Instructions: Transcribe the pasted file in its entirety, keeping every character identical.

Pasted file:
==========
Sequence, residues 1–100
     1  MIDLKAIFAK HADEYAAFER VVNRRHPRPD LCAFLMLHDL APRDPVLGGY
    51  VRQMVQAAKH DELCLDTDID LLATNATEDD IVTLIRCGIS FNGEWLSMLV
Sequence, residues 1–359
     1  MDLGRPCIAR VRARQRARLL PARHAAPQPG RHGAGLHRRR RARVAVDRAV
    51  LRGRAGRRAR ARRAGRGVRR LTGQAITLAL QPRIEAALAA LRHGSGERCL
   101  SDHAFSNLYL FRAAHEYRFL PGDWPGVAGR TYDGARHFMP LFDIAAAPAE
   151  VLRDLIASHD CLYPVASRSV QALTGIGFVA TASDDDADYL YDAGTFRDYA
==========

Sequence, residues 1–100
     1  MIDLKAIFAK HADEYAAFER VVNRRHPRPD LCAFLMLHDL APRDPVLGGY
    51  VRQMVQAAKH DELCLDTDID LLATNATEDD IVTLIRCGIS FNGEWLSMLV
Sequence, residues 1–359
     1  MDLGRPCIAR VRARQRARLL PARHAAPQPG RHGAGLHRRR RARVAVDRAV
    51  LRGRAGRRAR ARRAGRGVRR LTGQAITLAL QPRIEAALAA LRHGSGERCL
   101  SDHAFSNLYL FRAAHEYRFL PGDWPGVAGR TYDGARHFMP LFDIAAAPAE
   151  VLRDLIASHD CLYPVASRSV QALTGIGFVA TASDDDADYL YDAGTFRDYA